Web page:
Internet Freedom
362 thousand people
Press:
Free
Status
Free
Scores Overview
1.0 / 7 (least free)
Freedom Rating
277 thousand people
Press:
Free
Status
Free
Scores Overview
1.0 / 7 (least free)
Freedom Rating
326 thousand people
Press:
Free
Status
Free
Scores Overview
1.5 / 7 (least free)
Freedom Rating
11 million people
Press:
Partly Free
Status
Partly Free
Scores Overview
3.0 / 7 (least free)
Freedom Rating
194 million people
Internet:
Partly Free
Press:
Partly Free
Status
Free
Scores Overview
2.0 / 7 (least free)
Freedom Rating
33
(0 = Best, 100 = Worst) / 100 (least free)
Internet Freedom
35 million people
Internet:
Free
Press:
Free
Status
Free
Scores Overview
1.0 / 7 (least free)
Freedom Rating
15
(0 = Best, 100 = Worst) / 100 (least free)
Internet Freedom
17 million people
Press:
Free
Status
Free
Scores Overview
1.0 / 7 (least free)
Freedom Rating
47 million people
Internet:
Partly Free
Press:
Partly Free
Status
Partly Free
Scores Overview
3.0 / 7 (least free)
Freedom Rating
32
(0 = Best, 100 = Worst) / 100 (least free)
Internet Freedom
4.5 million people
Press:
Free
Status
Free
Scores Overview
1.0 / 7 (least free)
Freedom Rating
11 million people
Internet:
Not Free
Press:
Not Free
Status
Not Free
Scores Overview
6.5 / 7 (least free)
Freedom Rating
79
(0 = Best, 100 = Worst) / 100 (least free)
Internet Freedom
71 thousand people
Press:
Free
Status
Free
Scores Overview
1.0 / 7 (least free)
Freedom Rating
10 million people
Press:
Partly Free
Status
Partly Free
Scores Overview
3.0 / 7 (least free)
Freedom Rating
15 million people
Internet:
Partly Free
Press:
Not Free
Status
Partly Free
Scores Overview
3.0 / 7 (least free)
Freedom Rating
43
(0 = Best, 100 = Worst) / 100 (least free)
Internet Freedom
6.3 million people
Press:
Partly Free
Status
Free
Scores Overview
2.5 / 7 (least free)
Freedom Rating
115 thousand people
Press:
Free
Status
Free
Scores Overview
1.5 / 7 (least free)
Freedom Rating
15 million people
Press:
Partly Free
Status
Partly Free
Scores Overview
4.0 / 7 (least free)
Freedom Rating
796 thousand people
Press:
Partly Free
Status
Free
Scores Overview
2.5 / 7 (least free)
Freedom Rating
10 million people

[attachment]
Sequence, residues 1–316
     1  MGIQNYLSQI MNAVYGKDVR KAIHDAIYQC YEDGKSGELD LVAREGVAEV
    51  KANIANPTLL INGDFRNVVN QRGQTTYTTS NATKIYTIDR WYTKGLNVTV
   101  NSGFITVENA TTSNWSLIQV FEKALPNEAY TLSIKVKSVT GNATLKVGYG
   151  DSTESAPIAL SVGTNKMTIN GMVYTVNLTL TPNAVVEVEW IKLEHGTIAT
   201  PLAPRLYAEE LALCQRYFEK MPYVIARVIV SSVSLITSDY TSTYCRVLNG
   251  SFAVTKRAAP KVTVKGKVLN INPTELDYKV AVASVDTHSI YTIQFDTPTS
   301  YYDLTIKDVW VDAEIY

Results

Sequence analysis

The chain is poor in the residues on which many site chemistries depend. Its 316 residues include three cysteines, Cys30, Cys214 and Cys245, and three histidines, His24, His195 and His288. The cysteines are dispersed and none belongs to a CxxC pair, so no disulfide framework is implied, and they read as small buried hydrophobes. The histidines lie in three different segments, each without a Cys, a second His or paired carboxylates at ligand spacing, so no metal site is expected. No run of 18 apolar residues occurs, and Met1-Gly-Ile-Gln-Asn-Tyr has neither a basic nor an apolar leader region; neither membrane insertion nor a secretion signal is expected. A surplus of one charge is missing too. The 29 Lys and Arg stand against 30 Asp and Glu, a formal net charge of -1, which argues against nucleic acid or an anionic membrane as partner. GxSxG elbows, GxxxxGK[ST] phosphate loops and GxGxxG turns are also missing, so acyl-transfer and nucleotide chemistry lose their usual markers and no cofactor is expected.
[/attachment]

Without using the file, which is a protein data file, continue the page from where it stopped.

Press:
Partly Free
Status
Partly Free
Scores Overview
5.0 / 7 (least free)
Freedom Rating
8.4 million people
Press:
Not Free
Status
Partly Free
Scores Overview
4.0 / 7 (least free)
Freedom Rating
2.7 million people
Press:
Free
Status
Free
Scores Overview
2.5 / 7 (least free)
Freedom Rating
116 million people
Internet:
Partly Free
Press:
Not Free
Status
Partly Free
Scores Overview
3.0 / 7 (least free)
Freedom Rating
39
(0 = Best, 100 = Worst) / 100 (least free)
Internet Freedom
6 million people
Press:
Partly Free
Status
Partly Free
Scores Overview
4.5 / 7 (least free)
Freedom Rating
3.6 million people
Press:
Partly Free
Status
Free
Scores Overview
2.0 / 7 (least free)
Freedom Rating
6.7 million people
Press:
Partly Free
Status
Partly Free
Scores Overview
3.0 / 7 (least free)
Freedom Rating
30 million people
Press:
Partly Free
Status
Free
Scores Overview
2.5 / 7 (least free)
Freedom Rating
54 thousand people
Press:
Free
Status
Free
Scores Overview
1.0 / 7 (least free)
Freedom Rating
169 thousand people
Press:
Free
Status
Free
Scores Overview
1.0 / 7 (least free)
Freedom Rating
542 thousand people
Press:
Free
Status
Free
Scores Overview
2.0 / 7 (least free)
Freedom Rating
1.3 million people
Press:
Free
Status
Free
Scores Overview
2.0 / 7 (least free)
Freedom Rating
314 million people
Internet:
Free
Press:
Free
Status
Free
Scores Overview
1.5 / 7 (least free)
Freedom Rating
21
(0 = Best, 100 = Worst) / 100 (least free)
Internet Freedom
3.4 million people
Press:
Free
Status
Free
Scores Overview
1.0 / 7 (least free)
Freedom Rating
30 million people
Internet:
Not Free
Press:
Not Free
Status
Not Free
Scores Overview
5.5 / 7 (least free)
Freedom Rating
63
(0 = Best, 100 = Worst) / 100 (least free)
Internet Freedom
Scores Overview
Scores Overview

Programs

Freedom House helps citizens defend their rights against government abuses in several countries of Latin America and the Caribbean. 

Issues: 
Regions: 

The Lifeline Embattled CSO Assistance Fund provides emergency financial assistance to civil society organizations (CSOs) under threat or attack and advocacy support responding to broader threats to civil society. 

Freedom House administers several funds which offer emergency assistance to organizations and individuals around the world who are under threat because of their human rights work.